JMS student wins international essay competition - and a trip to ParisDate Released: Wed, 26 June 2019 08:51 +0200
Sacree Kabeya was shocked and excited when she found out that her essay, one of 170 submitted, won one of five coveted prizes from the World Journalism Education Congress (WJEC). Representing Rhodes University, the nation and the African continent, the third year writing and editing student also receives an all expenses paid trip to Paris to WJEC, which takes place next month.
The Congress invites journalism educators, practitioners and students to engage in a rigorous programme, aimed at sharing best teaching practices and creating a home for top-notch research papers, all dedicated to journalism education. As part of the programme, Kabeya, along with the other four winners, will present their essays to over 460 delegates. This year’s question asked the students to ‘Imagine the Journalism School of Tomorrow’.
Kabeya proposed a community-oriented approach to journalism education, drawing on her experiences of education journalism as part of her coursework, as well as her writing experiences with campus newspaper The Oppidan Press and Makhanda’s Grocott’s Mail. Kabeya is also a tutor at the GADRA Matric School.
“In some ways, monitorial journalism is running it’s course, so I wanted to focus on an education where we care about telling people’s stories directly from their mouths, going into where the issues are, and detailing what citizens are doing to address them. We can’t just work off Western models anymore, so I was thinking about ways to draw in and celebrate the African context. I’m very privileged that I went to a good school, that I go to Rhodes, and that I’m finishing a degree - but that’s not the case for everyone and their stories matter,” explains Sacree.
As part of the process, Kabeya also drew on the guidance of her lecturer, Rod Amner, whose passion for education and education journalism left a serious impression.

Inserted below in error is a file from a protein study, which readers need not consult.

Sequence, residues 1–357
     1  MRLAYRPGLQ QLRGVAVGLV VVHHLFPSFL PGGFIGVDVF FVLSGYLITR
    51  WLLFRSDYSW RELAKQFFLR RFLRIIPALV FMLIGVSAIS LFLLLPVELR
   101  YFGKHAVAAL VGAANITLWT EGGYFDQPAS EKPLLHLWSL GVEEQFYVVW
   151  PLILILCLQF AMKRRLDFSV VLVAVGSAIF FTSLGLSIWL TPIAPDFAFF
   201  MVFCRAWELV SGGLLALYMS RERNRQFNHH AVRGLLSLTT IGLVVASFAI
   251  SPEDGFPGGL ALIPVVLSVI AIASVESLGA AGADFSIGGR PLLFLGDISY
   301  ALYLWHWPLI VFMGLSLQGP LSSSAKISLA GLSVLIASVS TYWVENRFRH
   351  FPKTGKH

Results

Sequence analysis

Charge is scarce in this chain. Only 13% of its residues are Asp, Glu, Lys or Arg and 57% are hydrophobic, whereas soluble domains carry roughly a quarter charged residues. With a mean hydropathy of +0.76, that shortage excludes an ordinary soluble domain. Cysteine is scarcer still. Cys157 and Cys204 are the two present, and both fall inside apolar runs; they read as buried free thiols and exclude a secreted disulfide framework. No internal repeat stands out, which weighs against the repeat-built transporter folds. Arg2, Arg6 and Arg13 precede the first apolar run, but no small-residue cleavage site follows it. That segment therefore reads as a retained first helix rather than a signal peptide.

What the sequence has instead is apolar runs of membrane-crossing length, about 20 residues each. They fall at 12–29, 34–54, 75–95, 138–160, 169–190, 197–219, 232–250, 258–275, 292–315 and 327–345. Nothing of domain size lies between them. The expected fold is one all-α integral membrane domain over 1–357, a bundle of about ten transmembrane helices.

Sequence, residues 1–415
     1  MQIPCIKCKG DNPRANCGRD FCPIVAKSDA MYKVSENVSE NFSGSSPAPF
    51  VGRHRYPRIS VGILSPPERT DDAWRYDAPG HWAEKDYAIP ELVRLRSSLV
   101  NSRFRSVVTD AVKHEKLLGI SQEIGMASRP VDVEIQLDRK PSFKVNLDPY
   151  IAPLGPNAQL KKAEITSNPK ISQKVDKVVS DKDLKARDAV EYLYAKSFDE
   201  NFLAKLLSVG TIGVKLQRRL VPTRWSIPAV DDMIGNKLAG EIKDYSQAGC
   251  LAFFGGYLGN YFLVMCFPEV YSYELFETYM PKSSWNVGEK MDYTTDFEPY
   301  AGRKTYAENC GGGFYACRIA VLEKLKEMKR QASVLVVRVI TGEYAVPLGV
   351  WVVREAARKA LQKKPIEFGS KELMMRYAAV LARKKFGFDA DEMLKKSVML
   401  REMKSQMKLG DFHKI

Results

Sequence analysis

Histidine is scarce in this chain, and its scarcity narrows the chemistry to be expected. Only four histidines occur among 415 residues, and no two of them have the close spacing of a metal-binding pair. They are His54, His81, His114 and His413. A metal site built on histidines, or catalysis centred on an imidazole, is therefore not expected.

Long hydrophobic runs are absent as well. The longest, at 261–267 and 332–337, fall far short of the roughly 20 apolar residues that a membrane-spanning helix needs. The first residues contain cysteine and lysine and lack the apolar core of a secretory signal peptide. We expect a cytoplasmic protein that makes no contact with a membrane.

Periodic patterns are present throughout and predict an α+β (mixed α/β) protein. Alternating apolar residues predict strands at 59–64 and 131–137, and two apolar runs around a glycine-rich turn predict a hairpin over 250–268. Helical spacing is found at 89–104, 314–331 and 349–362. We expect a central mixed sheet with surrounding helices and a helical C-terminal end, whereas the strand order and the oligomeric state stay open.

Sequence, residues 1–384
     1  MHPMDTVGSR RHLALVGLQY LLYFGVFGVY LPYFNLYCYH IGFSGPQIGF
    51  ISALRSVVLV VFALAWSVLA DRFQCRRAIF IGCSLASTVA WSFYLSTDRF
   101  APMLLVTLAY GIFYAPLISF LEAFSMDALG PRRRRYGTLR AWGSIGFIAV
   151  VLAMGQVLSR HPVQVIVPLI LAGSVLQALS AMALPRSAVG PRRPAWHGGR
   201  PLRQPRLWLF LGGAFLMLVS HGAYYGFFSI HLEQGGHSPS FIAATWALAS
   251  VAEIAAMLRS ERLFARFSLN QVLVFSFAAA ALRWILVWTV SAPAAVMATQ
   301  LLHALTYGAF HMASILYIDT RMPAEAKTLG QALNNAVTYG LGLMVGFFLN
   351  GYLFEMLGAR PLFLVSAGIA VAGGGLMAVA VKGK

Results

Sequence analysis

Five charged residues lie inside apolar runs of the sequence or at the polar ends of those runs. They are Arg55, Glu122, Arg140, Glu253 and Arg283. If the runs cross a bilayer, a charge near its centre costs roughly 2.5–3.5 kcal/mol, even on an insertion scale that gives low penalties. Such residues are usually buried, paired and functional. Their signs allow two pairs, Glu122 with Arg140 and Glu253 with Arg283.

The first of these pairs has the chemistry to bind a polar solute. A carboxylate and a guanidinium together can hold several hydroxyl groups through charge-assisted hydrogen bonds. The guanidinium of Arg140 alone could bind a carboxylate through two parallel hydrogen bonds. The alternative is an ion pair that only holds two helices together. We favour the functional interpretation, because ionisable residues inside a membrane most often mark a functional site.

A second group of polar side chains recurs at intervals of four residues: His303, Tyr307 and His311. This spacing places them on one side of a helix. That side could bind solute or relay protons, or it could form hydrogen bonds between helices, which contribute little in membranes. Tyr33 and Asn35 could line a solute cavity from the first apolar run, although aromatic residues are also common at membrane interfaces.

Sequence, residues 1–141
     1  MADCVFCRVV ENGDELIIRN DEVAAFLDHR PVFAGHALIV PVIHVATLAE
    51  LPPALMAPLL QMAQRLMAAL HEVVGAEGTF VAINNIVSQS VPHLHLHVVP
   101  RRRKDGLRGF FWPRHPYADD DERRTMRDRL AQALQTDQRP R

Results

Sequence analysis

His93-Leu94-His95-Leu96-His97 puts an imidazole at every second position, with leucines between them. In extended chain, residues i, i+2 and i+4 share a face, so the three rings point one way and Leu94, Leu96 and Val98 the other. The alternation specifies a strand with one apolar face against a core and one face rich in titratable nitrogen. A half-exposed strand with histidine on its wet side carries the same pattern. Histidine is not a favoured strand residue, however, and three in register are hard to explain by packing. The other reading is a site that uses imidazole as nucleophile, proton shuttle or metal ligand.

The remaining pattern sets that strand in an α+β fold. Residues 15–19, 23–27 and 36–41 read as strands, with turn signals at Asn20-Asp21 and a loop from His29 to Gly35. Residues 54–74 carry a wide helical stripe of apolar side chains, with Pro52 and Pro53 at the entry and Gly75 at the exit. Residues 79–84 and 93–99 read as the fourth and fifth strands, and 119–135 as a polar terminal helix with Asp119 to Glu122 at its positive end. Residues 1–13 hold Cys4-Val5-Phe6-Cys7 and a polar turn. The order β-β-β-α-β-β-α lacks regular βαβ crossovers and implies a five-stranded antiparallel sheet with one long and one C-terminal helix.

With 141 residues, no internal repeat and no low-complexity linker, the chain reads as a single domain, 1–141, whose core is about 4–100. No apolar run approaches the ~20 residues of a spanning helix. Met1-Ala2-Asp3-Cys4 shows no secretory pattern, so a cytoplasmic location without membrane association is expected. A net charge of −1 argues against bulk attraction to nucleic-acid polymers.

Amner said he was “stoked” by Kabeya’s achievement and proud of his third year writers, who are writing compelling counter-narratives of education innovation and success in Makhanda for the Grocott’s Mail education desk.
“For the past while, a broad-based civic alliance, dubbed ‘the VC’s initiative’, has mushroomed around education in Makhanda, following the vision outlined by Rhodes vice-chancellor Sizwe Mabizela in his inaugural address in 2014. This is culminating in some unprecedented success and the students are doing a great job of bringing these stories to light,” Amner said.
During the process of writing her essay, Kabeya took much advice from her lecturer, who encouraged the class to apply for the prize.
“Rod is so passionate about the subject, and has such a deep interest and enthusiasm, and that rubbed off on me. That is the kind of approach to journalism education that I think we need, where the community really matters to lecturers and Journ students,” says Kabeya.
But, this is only the beginning. As a third year journalism and law student, she has a bright future ahead, and sees her win as the beginning of many opportunities. She wants to continue with journalism, but also has a keen interest in Media Law and ethics.